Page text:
cannot exceed the speed of the molecules. But they show that there is a pattern, by taking

    molecules of different masses, and comparing two temperatures. Students see that despite

    large variations in the speeds in the different gases, the two speeds remain comparable. The

    questions give plenty of practice in calculation, manipulation of equations and reasoning

    about ratios.

    The first questions (questions 19) are quick and simple, at the level of simple practice, and

    are suited to students of all abilities. The remaining questions take the level up to that at or a

    bit beyond the post-16 level examination.

    You may have shown the rapid expansion of bromine into a vacuum, as evidence of the

    speed of molecules. Looked at a different way, this is a pressure shock wave (i.e. sound)

    travelling into the vacuum.

    It may be helpful to have at the back of your mind the actual relation between the rms speed

    of molecules and the speed of sound. The speed of sound is

    ?Pc? ?

    and since

    12 ??Pc3


    3Pv? rms?

    Thus the ratio of the rms speed to the speed of sound is

    3 ?

    If for example ? = 1.4, the speed of molecules is approximately 46% greater than the speed of sound.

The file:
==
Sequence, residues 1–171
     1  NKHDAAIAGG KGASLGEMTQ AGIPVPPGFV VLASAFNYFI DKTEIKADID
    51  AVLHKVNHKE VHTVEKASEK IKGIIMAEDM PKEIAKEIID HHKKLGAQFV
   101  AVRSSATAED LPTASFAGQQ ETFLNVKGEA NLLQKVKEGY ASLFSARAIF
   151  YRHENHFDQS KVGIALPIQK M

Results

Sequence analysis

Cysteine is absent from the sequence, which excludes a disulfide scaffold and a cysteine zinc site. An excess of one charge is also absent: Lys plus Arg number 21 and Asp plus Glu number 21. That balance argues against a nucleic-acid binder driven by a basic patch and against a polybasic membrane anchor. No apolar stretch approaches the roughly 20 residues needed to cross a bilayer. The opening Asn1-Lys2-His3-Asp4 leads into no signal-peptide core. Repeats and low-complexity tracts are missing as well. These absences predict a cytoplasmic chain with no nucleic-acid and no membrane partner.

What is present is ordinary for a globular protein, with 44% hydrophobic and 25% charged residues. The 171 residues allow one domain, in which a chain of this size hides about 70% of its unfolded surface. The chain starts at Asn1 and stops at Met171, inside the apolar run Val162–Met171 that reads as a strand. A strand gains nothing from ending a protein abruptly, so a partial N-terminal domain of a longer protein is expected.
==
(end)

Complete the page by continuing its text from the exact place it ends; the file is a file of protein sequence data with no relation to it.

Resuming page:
Alternative approaches

    A more qualitative discussion could be better for less able candidates.

Social and human context

    The theory of the speed of sound was worked out long before anyone had an idea of the

    speeds of molecules.

Answers and worked solutions

    111. Helium, at 972.5 m s at 273 K and 1019 m s at 300 K.

    12. Helium at 4 g mol.

    113. Carbon dioxide, at 257.4 m s at 273 K and 269.8 m s at 300 K.

    14. Carbon dioxide, at 44 g mol.

    25. The speed of sound is larger in all cases at the higher temperature 300 K. 1Nkt?Nmv.3 6. From the kinetic theory, the kinetic energy and so the speed of the molecules will be Divide both sides by N giving: higher at the higher temperature, 300 K.

    7. 21kt?mv.3

     Multiply both sides by 3 and rearrange, obtaining:



    ?3?14?10kg mol?27m??6.64?10kg23?16.02?10mol


    ?23?13?(1.38?10J K)?300K262?2v??1.87?10ms?276.64?10 kg

    1whence taking the square root the rms speed is 1370 m s.

    10. Since


    then the ratio of the mean square speeds is 4 / 28.

    11. The rms speed for nitrogen will be ? (4 / 28) = 0.378 of the rms speed for helium,

    11giving a speed of 0.378 ? 1370 m s = 517 m s.

    1112. The factor is now ? (4 / 44) = 0.301 giving a speed of 0.301 ? 1370 m s = 413 m s.

    13. The table is now:

    Gas Molar mass / Speed of sound Speed of sound rms speed of 11g at 273 K / m s at 300 K / m s molecules at 300 1K / m s

    Helium 4 972.5 1019 1370 Nitrogen 28 337.0 355.5 517 Carbon dioxide 44 257.4 269.8 413

    14. The squares of the speeds are proportional to the temperature, so if the temperature

    falls from 300 K to 273 K the speeds fall in the ratio ? (273 / 300) = 0.954.

    15. Yes. The ratios 972.5 / 1019, 337.0 / 355.5 and 257.4 / 269.8 are all in the ratio 0.954


External reference

    This activity is taken from Advancing Physics chapter 13, 100S